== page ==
Also Eden


Rich: I’ve never stopped buying vinyl. In the early noughties it became difficult but CDs just don’t cut it for me. I want a proper sleeve I can enjoy examining whilst listening to the album and whose lyrics I can read without a magnifying glass. It’s so good to hear of the huge increase in vinyl sales in the last couple of years because it’s becoming easier and easier to find the music I want to hear in the format I’ve always loved.

As soon as Neil agreed to do the paintings for the artwork, we knew it had to have a vinyl release, with the added bonus for me being that I’ve never had anything of my own make it to vinyl before. 

Simon: Growing up in the 70’s the only ‘proper’ and readily available format was vinyl. Cassettes didn’t cut the mustard – tapes snapping, pencil in the spool-winder, crappy-sound, poor artwork etc. I remember some of the earliest albums I listened to – Genesis – Selling England By The Pound, Pink Floyd – Dark Side/Wish You Were Here, Supertramp – Crime of the Century, Queen – A Night At The Opera, Be-Bop Deluxe – Sunburst Finish, Yes – Going For The One, Rush – A Farewell To Kings … the list goes on (having older siblings and uncles does have some benefits after all!) These are all landmark albums, not only for the outstanding quality of the music but for the striking and unforgettable album covers.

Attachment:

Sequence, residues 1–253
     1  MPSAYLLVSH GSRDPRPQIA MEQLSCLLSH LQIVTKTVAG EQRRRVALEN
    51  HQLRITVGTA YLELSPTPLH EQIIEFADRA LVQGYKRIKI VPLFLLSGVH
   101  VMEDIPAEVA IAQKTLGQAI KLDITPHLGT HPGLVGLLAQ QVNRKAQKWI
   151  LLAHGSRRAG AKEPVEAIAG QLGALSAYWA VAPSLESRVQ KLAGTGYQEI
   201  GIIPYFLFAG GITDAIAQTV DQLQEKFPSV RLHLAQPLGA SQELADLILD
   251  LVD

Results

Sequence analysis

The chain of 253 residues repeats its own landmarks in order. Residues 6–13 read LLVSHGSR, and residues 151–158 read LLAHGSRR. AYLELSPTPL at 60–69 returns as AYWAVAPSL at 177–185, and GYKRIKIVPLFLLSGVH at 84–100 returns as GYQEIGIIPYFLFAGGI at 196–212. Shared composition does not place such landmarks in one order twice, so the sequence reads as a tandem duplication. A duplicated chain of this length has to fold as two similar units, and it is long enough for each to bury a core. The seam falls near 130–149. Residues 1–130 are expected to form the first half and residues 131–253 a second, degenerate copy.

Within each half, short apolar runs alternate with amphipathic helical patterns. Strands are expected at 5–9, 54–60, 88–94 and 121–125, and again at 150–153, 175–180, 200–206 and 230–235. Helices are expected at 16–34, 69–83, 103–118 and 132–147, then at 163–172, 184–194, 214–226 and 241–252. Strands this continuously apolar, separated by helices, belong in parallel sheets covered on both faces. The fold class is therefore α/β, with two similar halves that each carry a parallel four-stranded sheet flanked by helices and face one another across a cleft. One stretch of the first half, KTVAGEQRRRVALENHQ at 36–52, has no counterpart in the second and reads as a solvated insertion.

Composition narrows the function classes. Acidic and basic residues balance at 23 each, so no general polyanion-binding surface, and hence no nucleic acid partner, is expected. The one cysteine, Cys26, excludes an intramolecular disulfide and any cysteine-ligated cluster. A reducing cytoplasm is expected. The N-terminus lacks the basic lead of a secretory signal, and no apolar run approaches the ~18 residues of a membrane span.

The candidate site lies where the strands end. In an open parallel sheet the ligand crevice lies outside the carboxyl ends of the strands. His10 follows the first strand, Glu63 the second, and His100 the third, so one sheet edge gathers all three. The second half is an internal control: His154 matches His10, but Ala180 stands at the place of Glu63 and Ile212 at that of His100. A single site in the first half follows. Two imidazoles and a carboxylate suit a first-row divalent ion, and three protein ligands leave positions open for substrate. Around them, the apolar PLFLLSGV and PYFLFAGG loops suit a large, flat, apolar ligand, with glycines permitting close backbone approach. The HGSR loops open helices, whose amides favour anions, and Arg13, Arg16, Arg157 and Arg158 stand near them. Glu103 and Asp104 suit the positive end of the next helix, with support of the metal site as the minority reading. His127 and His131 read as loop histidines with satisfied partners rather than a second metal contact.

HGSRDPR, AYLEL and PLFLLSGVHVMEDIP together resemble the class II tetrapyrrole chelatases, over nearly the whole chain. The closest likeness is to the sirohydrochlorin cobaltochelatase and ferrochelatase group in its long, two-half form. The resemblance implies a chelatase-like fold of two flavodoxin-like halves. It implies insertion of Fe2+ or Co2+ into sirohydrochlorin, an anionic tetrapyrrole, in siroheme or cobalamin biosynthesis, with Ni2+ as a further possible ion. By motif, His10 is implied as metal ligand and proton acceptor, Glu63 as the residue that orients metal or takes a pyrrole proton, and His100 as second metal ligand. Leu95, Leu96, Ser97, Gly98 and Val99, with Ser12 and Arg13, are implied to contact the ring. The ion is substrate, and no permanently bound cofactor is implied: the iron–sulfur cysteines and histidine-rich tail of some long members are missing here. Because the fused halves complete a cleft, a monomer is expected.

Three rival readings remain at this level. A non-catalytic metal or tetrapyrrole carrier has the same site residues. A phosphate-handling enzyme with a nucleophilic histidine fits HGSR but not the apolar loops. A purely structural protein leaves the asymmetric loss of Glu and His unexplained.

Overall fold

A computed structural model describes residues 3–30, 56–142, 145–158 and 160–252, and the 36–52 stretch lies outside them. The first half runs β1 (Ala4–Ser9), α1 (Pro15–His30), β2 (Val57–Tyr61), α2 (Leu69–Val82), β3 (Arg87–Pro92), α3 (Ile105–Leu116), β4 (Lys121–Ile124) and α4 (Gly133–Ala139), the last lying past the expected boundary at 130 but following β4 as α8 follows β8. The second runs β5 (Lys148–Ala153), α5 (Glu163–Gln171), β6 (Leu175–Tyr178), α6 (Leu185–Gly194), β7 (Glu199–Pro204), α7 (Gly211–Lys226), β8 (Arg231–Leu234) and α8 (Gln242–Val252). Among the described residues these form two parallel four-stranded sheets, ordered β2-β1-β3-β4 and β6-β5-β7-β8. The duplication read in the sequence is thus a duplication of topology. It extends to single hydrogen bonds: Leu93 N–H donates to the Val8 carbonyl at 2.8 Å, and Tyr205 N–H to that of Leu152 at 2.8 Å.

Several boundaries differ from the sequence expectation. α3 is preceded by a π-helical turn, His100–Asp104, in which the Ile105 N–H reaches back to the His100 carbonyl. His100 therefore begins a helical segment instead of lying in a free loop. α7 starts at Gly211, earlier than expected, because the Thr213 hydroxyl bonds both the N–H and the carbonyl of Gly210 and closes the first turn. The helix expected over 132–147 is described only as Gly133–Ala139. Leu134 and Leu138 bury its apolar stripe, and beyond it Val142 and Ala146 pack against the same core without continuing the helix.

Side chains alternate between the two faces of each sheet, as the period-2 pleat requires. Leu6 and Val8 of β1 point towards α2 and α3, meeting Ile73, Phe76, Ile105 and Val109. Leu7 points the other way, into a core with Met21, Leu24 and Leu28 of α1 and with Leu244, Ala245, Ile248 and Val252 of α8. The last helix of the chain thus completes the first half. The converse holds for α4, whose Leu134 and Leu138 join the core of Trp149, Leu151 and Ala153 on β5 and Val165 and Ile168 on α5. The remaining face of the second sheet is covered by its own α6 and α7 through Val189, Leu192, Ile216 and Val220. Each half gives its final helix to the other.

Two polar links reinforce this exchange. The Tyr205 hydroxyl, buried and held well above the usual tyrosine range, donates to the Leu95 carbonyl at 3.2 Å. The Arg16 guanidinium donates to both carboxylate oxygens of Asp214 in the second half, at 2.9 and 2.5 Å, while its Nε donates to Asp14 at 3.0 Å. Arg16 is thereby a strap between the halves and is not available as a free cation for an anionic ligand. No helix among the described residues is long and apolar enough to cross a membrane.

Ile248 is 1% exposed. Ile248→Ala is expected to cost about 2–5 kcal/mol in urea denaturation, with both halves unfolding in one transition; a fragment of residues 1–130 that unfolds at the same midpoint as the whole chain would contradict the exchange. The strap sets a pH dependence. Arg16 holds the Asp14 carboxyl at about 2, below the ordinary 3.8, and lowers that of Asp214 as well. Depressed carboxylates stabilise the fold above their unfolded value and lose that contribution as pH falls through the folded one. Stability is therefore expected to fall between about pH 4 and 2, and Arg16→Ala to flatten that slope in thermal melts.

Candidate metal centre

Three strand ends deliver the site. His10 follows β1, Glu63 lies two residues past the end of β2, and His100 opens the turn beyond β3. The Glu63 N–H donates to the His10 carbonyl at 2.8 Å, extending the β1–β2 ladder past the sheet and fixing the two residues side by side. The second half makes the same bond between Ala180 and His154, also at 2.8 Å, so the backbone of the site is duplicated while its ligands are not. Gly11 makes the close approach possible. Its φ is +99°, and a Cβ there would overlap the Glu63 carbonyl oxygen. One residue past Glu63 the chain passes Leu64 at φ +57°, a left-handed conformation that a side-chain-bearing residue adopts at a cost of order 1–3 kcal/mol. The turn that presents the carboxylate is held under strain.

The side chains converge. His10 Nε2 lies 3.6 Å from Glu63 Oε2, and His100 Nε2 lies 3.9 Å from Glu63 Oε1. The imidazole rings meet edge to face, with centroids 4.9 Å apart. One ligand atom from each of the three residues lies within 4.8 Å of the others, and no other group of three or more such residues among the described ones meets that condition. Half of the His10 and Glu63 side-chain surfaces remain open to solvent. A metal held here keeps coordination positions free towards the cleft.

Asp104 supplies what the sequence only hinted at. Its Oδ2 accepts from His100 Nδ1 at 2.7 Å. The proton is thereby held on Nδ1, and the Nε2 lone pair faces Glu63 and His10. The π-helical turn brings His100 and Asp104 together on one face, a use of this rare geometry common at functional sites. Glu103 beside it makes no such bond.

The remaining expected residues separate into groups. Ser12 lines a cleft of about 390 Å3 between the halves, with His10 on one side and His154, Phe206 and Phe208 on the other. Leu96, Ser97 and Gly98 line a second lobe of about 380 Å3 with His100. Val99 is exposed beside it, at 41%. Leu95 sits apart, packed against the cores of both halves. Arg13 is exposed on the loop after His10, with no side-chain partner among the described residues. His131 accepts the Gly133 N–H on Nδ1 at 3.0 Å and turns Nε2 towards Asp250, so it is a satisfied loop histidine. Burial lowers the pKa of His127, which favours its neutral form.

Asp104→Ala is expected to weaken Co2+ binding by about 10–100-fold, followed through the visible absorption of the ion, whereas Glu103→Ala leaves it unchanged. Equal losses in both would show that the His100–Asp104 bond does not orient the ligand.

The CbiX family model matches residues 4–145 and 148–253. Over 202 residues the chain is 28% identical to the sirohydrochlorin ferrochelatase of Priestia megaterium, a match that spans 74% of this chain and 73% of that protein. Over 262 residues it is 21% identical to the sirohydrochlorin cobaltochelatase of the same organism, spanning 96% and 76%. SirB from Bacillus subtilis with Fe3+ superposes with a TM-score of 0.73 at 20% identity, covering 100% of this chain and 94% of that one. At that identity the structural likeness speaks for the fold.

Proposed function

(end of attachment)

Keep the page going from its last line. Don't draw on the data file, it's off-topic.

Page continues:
Listening to an album is a whole experience – a visual and auditory experience. There’s nothing more engaging that picking up your favourite album, removing it from the sleeve, placing it on the turntable (checking you have the right side first!), placing the needle into the groove, and sitting down to glory over the artwork and lyrics (with maybe a beer or 2). And after 20 mins, to put your beer down, get your backside out of the chair, flip the album over and then enjoy the next 20 mins is testament to your willingness to indulge yourself in that experience. It’s almost like having a mini-gig in your living room, and there is a definite connection to the music (something which has been lost in the CD and digital download age). You really do have to make the effort with vinyl, but the pay-back I tenfold. Any new releases I’ll get on vinyl where it’s available in that format, and it seems that more and more people are harking back to the good old days and doing the very same. Oh, and I forgot to mention, vinyl DOES sound better than any other format – FACT!

So 40 years on I’m about to engage in a new vinyl experience, this time one where I’m actually part of the performance. Also Eden’s [REDACTED] lends itself perfectly to vinyl – 20 mins (ish) each side, gatefold sleeve, lyrics sheet and insert, amazing artwork and songs which, I think, sonically will really sparkle from your speakers.

This is a major milestone for me and I can’t wait for you to share the same experience. Ladies and gentlemen, boys and girls, we bring you [REDACTED] by Also Eden. We hope you enjoy the ride!